Witt is considering Aristotle's challenges to some standard contemporary metaphysics and philosophy of science. Ruth Groenhout in "The Virtue of Care: Aristotelian Ethics and Contemporary Ethics of Care" reflects on how Aristotelian ethics could be used to improve upon some increasingly standard approaches within feminist ethics --those known collectively as the "ethics of care" approach.

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This assemblage of views would seem to leave little room for feminists to find a foothold. However, she argues that a synthesis of Aristotelian-based virtue ethics with the feminist ethics of care can preferable to either account on its own.

Groenhout faults Aristotle's ethics for its concentration on the production of an intellectual life, and she faults the ethics of care for lacking a thorough political basis. In the symposium reprinted here from the Texas Law Review, Linda Hirshman and Martha Nussbaum debate the value of Aristotle's politics for reformulation of feminism on a new, or rather perhaps old, classical base of political theory.

They consider whether Aristotle's framework for ethics and politics offers a viable alternative to much contemporary feminist politics and legal theory, which emerges from a liberal framework emphasizing liberation and tolerance.

Hirshman's "The Book of 'A'" argues that Aristotle's ethics and politcs offer a significant resource for contemporary feminist jurisprudence, and for addressing such vexed issues as surrogacy and selective service.

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  • Aristotle on Women and the Feminine One kind of feminist exploration in this book involves the examination of what Aristotle has to say on women and the feminine;
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  • Heidegger saw that we move through space or locate ourselves emotionally and psychologically in spaces, but Irigaray uses her meditations on Aristotle to move beyond this so as to reflect on the spaces of our own bodies;
  • From these theoretical sciences the book moves on in Part Two into the practical fields of ethics and politics, in essays by Ruth Groenhout, Linda Hirshman, and Martha Nussbaum;
  • Nussbaum also argues that Aristotle's moral methodology is not as conservative as some claim, "for the allegedly conservative method actually prompts a sweeping and highly critical scrutiny of all existing regimes and their schemes of distribution, as well as of the preferences that result from and support these distributions.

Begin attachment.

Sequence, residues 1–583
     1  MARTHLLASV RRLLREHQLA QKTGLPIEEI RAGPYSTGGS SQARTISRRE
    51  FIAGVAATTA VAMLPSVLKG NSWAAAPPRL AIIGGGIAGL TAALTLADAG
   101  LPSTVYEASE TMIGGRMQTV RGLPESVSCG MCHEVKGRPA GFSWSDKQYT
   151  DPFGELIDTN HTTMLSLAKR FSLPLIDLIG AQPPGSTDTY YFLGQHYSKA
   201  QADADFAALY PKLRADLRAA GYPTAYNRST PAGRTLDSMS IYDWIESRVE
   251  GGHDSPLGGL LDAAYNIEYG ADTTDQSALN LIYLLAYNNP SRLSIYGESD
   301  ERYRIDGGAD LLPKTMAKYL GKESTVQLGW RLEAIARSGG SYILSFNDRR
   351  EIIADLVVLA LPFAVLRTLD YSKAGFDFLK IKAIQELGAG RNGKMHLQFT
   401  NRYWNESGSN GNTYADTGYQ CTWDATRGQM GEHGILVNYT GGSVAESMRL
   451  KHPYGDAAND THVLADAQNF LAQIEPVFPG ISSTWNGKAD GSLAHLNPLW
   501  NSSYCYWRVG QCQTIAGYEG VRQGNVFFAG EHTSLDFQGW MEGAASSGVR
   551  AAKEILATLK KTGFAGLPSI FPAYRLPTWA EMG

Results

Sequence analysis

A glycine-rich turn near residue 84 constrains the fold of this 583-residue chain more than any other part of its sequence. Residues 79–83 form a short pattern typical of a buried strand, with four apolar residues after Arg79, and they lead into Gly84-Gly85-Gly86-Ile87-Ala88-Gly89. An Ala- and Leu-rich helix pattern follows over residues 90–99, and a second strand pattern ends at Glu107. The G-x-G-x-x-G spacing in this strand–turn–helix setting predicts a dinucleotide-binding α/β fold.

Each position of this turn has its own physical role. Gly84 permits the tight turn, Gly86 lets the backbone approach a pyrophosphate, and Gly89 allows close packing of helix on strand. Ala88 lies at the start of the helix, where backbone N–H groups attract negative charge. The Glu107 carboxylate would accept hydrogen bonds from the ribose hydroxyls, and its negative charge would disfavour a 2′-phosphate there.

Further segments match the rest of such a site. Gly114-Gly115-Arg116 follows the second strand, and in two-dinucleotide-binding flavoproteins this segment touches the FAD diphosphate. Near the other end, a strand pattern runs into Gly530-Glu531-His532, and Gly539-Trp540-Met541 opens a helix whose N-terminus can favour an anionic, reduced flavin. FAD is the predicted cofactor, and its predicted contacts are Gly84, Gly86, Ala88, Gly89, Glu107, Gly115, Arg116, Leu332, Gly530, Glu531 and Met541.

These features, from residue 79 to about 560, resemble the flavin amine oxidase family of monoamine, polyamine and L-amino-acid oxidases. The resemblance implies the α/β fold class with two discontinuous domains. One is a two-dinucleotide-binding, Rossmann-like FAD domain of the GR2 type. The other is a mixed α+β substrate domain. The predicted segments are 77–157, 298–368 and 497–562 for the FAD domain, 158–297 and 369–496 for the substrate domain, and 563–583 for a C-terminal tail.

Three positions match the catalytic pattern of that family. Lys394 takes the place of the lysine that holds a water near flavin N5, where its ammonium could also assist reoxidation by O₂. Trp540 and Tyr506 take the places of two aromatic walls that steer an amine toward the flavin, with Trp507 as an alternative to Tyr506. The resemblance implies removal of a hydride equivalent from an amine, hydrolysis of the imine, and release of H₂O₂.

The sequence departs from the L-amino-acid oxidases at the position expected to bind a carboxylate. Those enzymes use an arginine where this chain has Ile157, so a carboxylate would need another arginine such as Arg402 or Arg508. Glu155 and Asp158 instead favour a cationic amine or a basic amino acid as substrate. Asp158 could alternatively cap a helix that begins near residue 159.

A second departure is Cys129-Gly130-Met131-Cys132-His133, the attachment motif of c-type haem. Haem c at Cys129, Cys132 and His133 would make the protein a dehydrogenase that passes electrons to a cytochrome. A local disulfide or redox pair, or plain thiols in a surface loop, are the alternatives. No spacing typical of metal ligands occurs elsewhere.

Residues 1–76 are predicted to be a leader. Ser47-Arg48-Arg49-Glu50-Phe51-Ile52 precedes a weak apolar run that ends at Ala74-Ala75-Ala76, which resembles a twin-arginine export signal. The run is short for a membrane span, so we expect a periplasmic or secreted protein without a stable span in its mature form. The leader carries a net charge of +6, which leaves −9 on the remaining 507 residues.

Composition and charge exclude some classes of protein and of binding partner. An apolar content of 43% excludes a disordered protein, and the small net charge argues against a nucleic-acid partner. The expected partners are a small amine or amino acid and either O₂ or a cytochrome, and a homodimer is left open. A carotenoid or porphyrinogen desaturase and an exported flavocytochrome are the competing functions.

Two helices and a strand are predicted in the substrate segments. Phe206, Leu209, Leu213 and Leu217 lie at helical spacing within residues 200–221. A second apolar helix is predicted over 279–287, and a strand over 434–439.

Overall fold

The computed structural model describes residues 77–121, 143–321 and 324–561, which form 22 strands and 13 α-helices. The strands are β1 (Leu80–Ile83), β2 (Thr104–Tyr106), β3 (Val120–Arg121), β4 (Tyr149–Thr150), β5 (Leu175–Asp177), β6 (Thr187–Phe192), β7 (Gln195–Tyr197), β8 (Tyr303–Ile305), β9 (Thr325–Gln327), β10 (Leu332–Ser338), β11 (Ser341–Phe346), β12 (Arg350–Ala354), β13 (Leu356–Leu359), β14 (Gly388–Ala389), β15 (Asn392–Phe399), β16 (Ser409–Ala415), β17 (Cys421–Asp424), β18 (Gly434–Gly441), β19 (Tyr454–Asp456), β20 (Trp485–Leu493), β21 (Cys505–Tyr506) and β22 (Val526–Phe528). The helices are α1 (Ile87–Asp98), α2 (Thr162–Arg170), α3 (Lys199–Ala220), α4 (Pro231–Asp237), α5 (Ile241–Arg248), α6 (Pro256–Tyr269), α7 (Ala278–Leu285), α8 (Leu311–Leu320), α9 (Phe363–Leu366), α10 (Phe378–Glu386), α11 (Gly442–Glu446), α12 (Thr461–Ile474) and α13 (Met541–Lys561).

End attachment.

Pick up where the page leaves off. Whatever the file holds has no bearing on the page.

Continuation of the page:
She highlights three areas in which feminists can draw upon Aristotle. First, Hirshman argues that his ethical theory has elements in common with feminist moral epistemologies.

For example, feminists who emphasize consciousness raising "are using two very traditional Aristotelian methods: He offers substantive ansswers about the olitical community in a way that visions of liberal equality do not. Nussbaum in "Aristotle on Feminism, Flourishing, and Needs for Functioning" agrees in principle with Hirsman's conviction that Aristotle offers resources for feminist political practice, though she disagrees about the details.

As Nussbaum sees it, Aristotle's chief strength lies in his insistence on scrutinizing distributions of basic needs for functioning. She argues that to place the emphasis here would correct some deficiencies of modern bourgeois feminism, which fails to recognize that many of the most pressing problems facing the world's women are matters of basic needs--for food, shelter, medical care, and protection from violence.

Nussbaum also argues that Aristotle's moral methodology is not as conservative as some claim, "for the allegedly conservative method actually prompts a sweeping and highly critical scrutiny of all existing regimes and their schemes of distribution, as well as of the preferences that result from and support these distributions.

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Feminism, Canons, and the history of philosophy The fourth and final approach I will describe to feminist analysis in the essays in this volume takes feminist reflections upon Aristotle as the occasion for broader reflections about what feminism amounts to in doing the history of philosophy.

This methodological question becomes the focus in my own essay, which is prompted by Irigaray's unusual style of revisiting the historical figures in the canon, and it is also central in Carol Poster's reflections about the construction of canons in rhetoric.

But to evaluate Irigaray, it became necessary also to provide a study of the provocative method in her essay on Aristotle on place, and so I contrast her idiosyncratic feminist re- reading of canonical figures to those in more traditional history of philosophy. Traditional history of philosophy follows certain broad principles of interpretation, such as charity and contextualization.

It seeks to recapture or reconstruct an author's intentions, construed in the most favorable way for maximum coherence, before evaluating their force, consistency, and impact on subsequent theorists. Irigaray contextualizes philosophical works in an entirely different way, considering for example not how well Aristotle's theory of place anticipates Einsteinian space, but how it illustrates a pervasive male philosophical attitude toward the "emptiness" of the female body.